Following an 18-month investigation into the UK energy market, the Competition and Markets Authority (CMA) has proposed a raft of reforms to increase competition and give consumers a better deal.
The watchdog found that, in total, customers may have been paying around £1.7 billion a year more than they would in a genuinely competitive market. Its recommendations include:
- that the regulator, Ofgem, keeps a database of customers that have been on a standard rate for three years, which will then be opened up so that these customers can be targeted directly by other suppliers
- ending the restriction on suppliers to offer just four tariffs
- strengthening the ability of price comparison services to help consumers find the best deal
- tackling ‘rollover contracts’, whereby customers are automatically put on less favourable terms.
It also recommends a price cap for all households using pre-payment meters – numbering around four million – until new smart meters are rolled out in 2020.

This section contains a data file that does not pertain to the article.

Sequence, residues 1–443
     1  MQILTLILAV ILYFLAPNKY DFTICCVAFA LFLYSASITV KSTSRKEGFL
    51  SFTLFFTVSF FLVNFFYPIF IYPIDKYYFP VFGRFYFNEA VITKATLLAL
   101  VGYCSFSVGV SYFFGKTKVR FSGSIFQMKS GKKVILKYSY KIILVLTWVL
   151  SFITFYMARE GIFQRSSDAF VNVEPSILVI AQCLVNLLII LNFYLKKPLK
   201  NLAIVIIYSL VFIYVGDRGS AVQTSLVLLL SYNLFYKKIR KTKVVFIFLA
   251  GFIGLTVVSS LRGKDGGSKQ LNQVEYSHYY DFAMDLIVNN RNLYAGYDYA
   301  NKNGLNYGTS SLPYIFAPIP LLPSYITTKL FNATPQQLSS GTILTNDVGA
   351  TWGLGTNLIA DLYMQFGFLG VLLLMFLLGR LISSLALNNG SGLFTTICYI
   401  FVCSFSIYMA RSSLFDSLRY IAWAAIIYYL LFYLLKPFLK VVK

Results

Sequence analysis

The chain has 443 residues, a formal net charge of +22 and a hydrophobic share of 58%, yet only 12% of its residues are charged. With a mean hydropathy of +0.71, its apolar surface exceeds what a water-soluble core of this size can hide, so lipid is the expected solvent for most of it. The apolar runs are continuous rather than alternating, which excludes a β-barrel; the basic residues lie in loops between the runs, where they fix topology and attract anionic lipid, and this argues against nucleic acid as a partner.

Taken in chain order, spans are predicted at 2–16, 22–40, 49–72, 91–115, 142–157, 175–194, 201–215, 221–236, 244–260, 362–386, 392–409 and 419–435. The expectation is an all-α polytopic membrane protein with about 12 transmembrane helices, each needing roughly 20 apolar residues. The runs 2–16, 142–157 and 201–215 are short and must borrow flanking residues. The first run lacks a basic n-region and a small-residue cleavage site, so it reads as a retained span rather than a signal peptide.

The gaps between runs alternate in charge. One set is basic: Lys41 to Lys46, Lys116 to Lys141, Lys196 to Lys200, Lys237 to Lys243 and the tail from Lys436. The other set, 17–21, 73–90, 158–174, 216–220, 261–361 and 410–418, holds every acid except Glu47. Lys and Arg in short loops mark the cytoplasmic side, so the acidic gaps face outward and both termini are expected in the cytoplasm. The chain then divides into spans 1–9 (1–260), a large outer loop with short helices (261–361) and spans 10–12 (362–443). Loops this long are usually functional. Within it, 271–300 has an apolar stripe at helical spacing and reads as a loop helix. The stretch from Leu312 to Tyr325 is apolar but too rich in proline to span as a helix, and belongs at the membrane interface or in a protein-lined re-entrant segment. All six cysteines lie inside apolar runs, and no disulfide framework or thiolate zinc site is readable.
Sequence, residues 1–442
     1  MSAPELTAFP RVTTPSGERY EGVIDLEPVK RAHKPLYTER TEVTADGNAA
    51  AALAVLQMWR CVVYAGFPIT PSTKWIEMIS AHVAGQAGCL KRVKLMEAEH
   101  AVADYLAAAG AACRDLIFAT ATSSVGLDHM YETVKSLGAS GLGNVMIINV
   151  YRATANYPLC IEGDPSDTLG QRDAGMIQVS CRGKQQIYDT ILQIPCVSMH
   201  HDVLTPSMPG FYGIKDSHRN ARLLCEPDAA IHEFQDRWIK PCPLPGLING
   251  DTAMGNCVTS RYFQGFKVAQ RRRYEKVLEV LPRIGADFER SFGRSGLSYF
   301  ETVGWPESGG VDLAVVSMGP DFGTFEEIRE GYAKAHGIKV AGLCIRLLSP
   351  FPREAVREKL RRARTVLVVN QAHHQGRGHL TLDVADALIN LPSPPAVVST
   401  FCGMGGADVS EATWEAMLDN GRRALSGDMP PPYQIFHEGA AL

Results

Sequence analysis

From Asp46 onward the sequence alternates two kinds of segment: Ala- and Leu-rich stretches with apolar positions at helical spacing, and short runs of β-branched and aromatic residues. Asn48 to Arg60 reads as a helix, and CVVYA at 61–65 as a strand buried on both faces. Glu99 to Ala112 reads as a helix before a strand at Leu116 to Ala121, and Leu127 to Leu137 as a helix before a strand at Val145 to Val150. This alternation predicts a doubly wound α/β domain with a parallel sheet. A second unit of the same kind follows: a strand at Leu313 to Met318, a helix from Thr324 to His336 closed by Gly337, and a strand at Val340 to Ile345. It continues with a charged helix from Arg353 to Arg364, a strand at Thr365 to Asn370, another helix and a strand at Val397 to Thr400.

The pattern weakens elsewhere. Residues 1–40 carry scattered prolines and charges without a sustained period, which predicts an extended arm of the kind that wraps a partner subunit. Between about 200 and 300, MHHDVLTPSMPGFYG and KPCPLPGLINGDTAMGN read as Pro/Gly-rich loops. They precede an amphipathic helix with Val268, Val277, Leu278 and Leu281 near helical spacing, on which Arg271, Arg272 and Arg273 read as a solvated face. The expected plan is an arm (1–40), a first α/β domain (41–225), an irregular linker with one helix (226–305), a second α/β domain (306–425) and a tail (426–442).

Responding to the CMA report, Energy Secretary Amber Rudd said: ‘This is a wake-up call to the big six [energy providers]. Energy customers should get a fair deal from a market that works for them. That’s why we called for the biggest ever investigation into the energy market and won’t hesitate to take forward its recommendations.’
Rhian Kelly, Confederation of British Industry (CBI) Business Environment Director, said: ‘Ensuring the energy market works for consumers is key. We need a market that bill payers have confidence in and can navigate easily, and we hope this ongoing investigation helps ensure this.
‘The proposal to lift the cap on deals that providers can offer is good news. It will give consumers more choice and help companies innovate to bring costs down.
‘It’s important that other reforms focus on supporting consumer engagement. Where caps on tariffs are considered, these should be targeted at the most vulnerable customers, helping those who are less able to shop around for the best deals.’